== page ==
GOP lawmakers say it could prevent a gasoline tax increase and would spend a record amount on infrastructure. It’s a temporary move that lacks a permanent, dedicated revenue stream for deteriorating roads, however, one that would provide just 20% of the minimum $2 billion experts say is needed annually.

The fund shift, while not a new trend, would impact a variety of spending in other parts of state government. It is drawing criticism from Democratic Gov. Gretchen Whitmer as she decides what to sign or veto in the budget after she had little input following a breakdown in talks.


Committees finish work in GM talks, top bargainers take over

DETROIT (AP) — Contract talks between General Motors and striking United Auto Workers took a big step toward an agreement Wednesday when committees finished their work and sent it to the top bargainers.

The move is a sign that contract talks are getting close to finishing. It means that minor issues largely are resolved, and a few bargainers for both sides will now try to come to terms on wages, use of temporary workers and other contentious issues.

UAW Vice President Terry Dittes (DIT-ez) outlined the development in a letter to members. He says the union presented material to GM and is waiting for a response.

The strike by about 49,000 workers is in its 10th day. It has halted production at more than 30 GM factories nationwide.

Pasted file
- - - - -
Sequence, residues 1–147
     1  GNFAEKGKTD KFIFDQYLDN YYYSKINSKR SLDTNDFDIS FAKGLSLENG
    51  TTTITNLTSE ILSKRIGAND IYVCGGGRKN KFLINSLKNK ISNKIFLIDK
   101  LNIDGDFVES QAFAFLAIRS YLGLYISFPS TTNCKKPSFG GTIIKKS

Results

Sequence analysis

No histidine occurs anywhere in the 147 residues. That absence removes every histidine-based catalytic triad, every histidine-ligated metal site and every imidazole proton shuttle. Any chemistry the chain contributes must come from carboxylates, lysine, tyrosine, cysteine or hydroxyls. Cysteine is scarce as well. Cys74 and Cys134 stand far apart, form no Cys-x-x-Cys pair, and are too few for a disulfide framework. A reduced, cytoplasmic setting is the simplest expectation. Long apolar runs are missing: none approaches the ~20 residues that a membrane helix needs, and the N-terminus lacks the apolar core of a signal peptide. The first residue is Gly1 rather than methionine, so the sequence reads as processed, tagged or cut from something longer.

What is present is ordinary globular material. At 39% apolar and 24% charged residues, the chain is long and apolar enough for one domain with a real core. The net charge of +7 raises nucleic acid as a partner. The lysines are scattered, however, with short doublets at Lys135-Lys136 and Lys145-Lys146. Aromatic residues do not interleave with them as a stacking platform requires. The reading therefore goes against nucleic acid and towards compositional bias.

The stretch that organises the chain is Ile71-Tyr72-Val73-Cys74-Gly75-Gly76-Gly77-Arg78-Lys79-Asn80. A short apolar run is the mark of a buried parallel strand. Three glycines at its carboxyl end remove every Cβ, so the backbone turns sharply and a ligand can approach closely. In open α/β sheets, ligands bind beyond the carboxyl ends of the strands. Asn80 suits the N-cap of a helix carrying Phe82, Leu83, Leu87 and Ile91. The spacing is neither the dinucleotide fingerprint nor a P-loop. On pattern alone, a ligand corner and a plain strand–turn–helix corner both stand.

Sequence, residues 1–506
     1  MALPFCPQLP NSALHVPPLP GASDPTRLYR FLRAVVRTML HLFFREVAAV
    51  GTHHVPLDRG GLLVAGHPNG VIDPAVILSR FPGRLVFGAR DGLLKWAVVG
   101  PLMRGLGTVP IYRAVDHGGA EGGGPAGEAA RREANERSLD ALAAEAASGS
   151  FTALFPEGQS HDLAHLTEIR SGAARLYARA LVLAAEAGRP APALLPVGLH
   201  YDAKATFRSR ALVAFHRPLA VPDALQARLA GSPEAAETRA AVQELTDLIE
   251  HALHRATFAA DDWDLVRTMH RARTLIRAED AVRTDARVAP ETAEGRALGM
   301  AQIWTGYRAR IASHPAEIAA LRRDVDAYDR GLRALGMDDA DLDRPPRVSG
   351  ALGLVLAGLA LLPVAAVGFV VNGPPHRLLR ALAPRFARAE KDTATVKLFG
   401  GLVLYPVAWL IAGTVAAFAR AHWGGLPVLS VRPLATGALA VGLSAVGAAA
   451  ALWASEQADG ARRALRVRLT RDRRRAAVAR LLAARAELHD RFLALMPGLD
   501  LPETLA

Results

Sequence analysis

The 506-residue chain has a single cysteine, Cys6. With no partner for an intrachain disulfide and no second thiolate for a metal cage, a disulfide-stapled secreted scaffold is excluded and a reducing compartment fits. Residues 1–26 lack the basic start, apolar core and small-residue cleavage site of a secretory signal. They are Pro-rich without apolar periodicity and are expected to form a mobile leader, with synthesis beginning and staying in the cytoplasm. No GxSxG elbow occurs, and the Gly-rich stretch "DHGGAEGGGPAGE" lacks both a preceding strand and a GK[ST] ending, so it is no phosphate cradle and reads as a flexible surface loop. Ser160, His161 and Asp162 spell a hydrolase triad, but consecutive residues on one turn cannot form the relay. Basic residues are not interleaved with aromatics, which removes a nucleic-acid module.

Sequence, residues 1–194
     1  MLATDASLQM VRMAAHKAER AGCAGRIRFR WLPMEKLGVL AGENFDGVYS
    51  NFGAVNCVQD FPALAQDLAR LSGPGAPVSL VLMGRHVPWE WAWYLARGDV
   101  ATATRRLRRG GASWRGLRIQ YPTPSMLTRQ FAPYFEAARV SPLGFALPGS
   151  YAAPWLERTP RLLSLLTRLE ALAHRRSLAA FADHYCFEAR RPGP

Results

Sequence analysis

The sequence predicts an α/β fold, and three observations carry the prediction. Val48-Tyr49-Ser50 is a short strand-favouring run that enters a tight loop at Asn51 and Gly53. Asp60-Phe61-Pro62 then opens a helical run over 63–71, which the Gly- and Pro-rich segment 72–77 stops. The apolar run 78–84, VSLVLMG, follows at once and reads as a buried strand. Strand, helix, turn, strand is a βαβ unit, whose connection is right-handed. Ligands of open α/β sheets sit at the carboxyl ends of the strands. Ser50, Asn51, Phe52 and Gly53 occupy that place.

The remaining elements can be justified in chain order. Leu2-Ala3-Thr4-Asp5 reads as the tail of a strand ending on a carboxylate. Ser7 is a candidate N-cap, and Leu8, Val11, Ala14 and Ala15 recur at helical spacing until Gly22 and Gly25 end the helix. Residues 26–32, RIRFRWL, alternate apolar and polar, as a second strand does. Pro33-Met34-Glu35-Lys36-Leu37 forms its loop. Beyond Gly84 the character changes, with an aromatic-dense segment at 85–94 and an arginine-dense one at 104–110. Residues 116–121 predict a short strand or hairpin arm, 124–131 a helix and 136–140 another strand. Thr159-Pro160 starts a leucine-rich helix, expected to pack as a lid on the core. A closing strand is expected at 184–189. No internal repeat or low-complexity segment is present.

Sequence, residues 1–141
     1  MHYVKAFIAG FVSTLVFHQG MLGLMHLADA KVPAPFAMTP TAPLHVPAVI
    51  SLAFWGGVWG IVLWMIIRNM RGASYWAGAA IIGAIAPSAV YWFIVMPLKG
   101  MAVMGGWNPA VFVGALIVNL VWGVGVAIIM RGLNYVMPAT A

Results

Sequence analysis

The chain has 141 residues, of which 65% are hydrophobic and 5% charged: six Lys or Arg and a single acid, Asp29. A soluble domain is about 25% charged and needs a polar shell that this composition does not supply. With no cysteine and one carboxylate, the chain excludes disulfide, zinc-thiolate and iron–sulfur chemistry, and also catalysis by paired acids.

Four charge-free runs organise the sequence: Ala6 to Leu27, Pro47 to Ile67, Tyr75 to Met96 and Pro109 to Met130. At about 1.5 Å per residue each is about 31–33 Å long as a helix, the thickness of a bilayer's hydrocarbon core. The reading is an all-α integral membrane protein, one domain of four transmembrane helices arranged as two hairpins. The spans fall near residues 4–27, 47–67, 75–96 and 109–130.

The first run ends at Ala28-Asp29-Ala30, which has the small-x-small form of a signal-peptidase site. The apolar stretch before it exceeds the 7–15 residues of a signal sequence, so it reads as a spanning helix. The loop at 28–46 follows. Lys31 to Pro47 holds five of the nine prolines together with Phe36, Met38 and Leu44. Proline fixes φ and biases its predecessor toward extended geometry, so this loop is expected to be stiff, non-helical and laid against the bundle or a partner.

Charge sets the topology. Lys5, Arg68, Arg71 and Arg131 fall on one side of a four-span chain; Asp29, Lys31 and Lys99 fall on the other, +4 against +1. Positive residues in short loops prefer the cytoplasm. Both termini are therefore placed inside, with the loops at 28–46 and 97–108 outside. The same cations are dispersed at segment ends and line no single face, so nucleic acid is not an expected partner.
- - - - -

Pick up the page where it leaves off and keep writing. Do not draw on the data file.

Southwestern Michigan police chief dies in vehicle crash

NASHVILLE, Mich. (AP) — A southwestern Michigan police chief has died after crashing his vehicle into a tree.

Kalamazoo County Sheriff’s Sgt. Craig Schmaltz says 59-year-old Nashville Police Chief Chris Allen Koster died in the crash about 8:30 a.m. Thursday in Richland Township.

Investigators say Koster’s vehicle went off a road and struck a tree. No other passengers were in Koster’s vehicle at the time of the crash, and police say alcohol isn’t believed to have been a factor.

Nashville is a village of about 1,600 people in Barry County.

Nashville Village President Mike Kenyon said Koster was police chief for about five years. He tells WILX-TV the crash appeared to happen while Koster was driving to work.


Army medic based in Colorado dies during overseas training

(Information from: The Gazette,

COLORADO SPRINGS, Colo. (AP) — An Army medic posted at a Colorado base has died during a training competition in South Korea.

The Gazette reports 32-year-old Staff Sgt. Kelly L. Richards died Wednesday while competing for an Expert Field Medical Badge at Camp Casey.

The Army did not release details of Richards’ death at the American base 40 miles (64 kilometers) north of Seoul. The death was not considered suspicious.

An Army statement says Richards was posted to the 3rd Brigade Combat team at Fort Carson, 11 miles (18 kilometers) south of Colorado Springs.

The native of Grayling, Michigan, was a 14-year Army veteran who served in Iraq and Afghanistan.

The Army says competition for the badge includes physical fitness trials and tests of medical knowledge and soldiers’ skills.



The Latest: San Francisco mayor fed up with Trump’s swipes

SAN FRANCISCO (AP) — San Francisco’s mayor has rejected a federal claim that there is a link between homelessness and water quality in the area.

Mayor London Breed also said Thursday that she’s “sick” of President Donald Trump taking political swipes at the largely Democratic city.

The U.S. Environmental Protection Agency says California is failing to prevent water pollution, largely because of problems with homelessness in cities such as Los Angeles and San Francisco.

Trump warned last week of a potential violation notice for San Francisco involving needles and waste being allowed to go through storm drains into the Pacific Ocean.

Breed says there are no needles washing out into San Francisco Bay or the ocean.